I don’t do sponsored posts, and this is no exception. We just are fans. Many of the Minervois wineries are too small to export their wines, but la Tour Boisée can be found in the U.S., including at Astor Wines in Manhattan.

under olivier

 

 

 

 

 

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21 thoughts on “La Tour Boisée

  1. Enjoyed your post! One of my greatest disappointments in France is the difficulty of obtaining good local wines from different regions in the ‘grandes surfaces’ or supermarkets. Often the choice is not very inspiring and picking a good one is a bit of a crap shoot. I tend to stick to my favorite Cotes du Rhone but will keep an eye out for the Minervois.

    Liked by 1 person

      1. We have found that after finding and getting a good wine the following year one must start the whole process again. This can be the fun of it, but we have bought several ‘pups’ that are not as good (or even awful) the following year.

        Liked by 1 person

      2. Well, convenience for one thing. Being able to unabashedly choose wines from other regions, and not feeling obliged to buy a box! It’s lovely to take the time to visit a winery but for me it’s more of a social thing. Will keep an eye out for a nearby Leclerc. 😉

        Liked by 1 person

  2. Fantastiskt vackert Och berättat så intressant. Älskar kolla på gamla bygnader, historia från platser! Du skapar sådan kunskap om miljöön, Och viner i orten! Måste vara upplevelse För livet! Kram Till Er alla.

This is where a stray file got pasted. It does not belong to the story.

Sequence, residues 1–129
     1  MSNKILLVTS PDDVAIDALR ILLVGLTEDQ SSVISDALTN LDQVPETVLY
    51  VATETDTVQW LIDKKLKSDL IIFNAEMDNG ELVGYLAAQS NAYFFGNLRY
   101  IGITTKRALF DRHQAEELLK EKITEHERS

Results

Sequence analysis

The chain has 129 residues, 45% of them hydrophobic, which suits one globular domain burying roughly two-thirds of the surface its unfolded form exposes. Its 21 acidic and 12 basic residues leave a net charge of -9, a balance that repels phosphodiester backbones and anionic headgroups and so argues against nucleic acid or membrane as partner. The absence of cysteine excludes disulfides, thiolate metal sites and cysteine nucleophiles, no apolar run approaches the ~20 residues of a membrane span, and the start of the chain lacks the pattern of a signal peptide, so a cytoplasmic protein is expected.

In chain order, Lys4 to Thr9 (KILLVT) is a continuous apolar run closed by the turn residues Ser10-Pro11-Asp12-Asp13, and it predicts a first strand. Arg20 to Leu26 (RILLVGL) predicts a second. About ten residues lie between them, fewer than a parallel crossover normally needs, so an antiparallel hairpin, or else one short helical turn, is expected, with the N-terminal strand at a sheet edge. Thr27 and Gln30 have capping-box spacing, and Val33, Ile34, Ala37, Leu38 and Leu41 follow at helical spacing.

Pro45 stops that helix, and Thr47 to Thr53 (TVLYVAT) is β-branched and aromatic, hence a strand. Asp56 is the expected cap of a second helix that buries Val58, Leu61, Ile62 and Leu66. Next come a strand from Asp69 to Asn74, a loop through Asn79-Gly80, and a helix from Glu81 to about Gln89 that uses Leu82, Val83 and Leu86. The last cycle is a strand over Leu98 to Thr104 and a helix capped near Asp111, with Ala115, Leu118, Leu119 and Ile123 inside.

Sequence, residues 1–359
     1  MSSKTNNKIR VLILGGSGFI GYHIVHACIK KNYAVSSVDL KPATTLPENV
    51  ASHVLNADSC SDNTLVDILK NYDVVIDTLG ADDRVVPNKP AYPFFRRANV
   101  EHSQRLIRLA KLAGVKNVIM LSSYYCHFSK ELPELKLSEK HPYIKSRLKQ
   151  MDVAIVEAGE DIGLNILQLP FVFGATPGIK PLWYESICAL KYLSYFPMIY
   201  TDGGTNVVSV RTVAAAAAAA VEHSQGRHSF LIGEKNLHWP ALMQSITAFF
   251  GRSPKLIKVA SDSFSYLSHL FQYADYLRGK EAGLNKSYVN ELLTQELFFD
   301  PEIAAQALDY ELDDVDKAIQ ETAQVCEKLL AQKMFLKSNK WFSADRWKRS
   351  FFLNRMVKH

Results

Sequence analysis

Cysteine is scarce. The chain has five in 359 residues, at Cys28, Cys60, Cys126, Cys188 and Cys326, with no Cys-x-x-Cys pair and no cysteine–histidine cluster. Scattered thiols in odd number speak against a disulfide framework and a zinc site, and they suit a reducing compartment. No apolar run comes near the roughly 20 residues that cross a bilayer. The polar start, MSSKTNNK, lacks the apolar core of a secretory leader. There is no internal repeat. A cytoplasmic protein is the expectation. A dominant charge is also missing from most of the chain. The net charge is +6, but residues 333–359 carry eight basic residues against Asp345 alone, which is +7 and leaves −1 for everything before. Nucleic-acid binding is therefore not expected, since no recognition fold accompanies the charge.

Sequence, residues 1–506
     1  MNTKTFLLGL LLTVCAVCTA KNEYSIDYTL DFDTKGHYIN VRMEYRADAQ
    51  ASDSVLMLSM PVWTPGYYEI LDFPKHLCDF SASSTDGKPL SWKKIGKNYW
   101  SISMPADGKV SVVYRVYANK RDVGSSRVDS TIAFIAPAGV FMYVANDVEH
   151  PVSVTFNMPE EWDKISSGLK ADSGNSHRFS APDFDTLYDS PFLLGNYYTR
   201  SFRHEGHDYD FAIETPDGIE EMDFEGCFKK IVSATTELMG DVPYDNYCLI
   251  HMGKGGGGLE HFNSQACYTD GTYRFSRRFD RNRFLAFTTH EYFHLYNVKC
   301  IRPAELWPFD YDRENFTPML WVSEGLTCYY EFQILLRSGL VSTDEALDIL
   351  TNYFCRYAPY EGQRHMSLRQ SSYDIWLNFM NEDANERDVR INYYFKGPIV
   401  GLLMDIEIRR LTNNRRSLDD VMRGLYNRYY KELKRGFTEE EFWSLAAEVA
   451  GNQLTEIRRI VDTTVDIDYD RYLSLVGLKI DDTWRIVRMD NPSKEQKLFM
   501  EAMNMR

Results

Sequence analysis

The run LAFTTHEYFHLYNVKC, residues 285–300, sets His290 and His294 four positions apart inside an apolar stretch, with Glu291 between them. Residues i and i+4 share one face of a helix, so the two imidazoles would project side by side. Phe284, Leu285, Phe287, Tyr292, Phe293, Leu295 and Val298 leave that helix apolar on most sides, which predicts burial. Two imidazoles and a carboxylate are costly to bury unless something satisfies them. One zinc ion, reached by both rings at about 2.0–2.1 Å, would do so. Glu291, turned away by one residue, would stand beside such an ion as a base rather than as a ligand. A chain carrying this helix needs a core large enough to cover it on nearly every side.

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  3. Google translation of your Swedish fan’s comment is amusing- pretty much what I expected (and thought myself), although Google Translate threw in a few words that are new to me. :))

    “Fantastic, beautiful and told so interesting. Love watch old bygnader , history of places! You create such a knowledge of miljöön , and wines in the resort ! Must be the experience of a lifetime ! Hugs to you all.”

    Liked by 1 person

  4. Great post! Being stupid Americans we take advantage our summers a little bit less. As a result, for working folk, reentree is not such a shock – September feels a lot like August. For my two university student children, though, the shock of reentry is definitely hitting hard. We also live in wine country – Napa Valley – and it is harvest time here now. The white grapes are coming out and the reds starting any day now. It’s beautiful here but something magical about France’s wine country. Thanks for sharing! You may enjoy our wine country blog: http://www.topochinesvino.com. Our latest post is about a winemaker from Gascony making wine here in Napa using varietals from his old stomping grounds.

    Liked by 1 person

  5. Now a good wine tasting session of a good wine is a wonder though I have no idea why anyone would want to spit it out unless it was an awful taste, Minervois is one of my favourites, among many I hasten to add, that looks like a very interesting place too x

    Liked by 1 person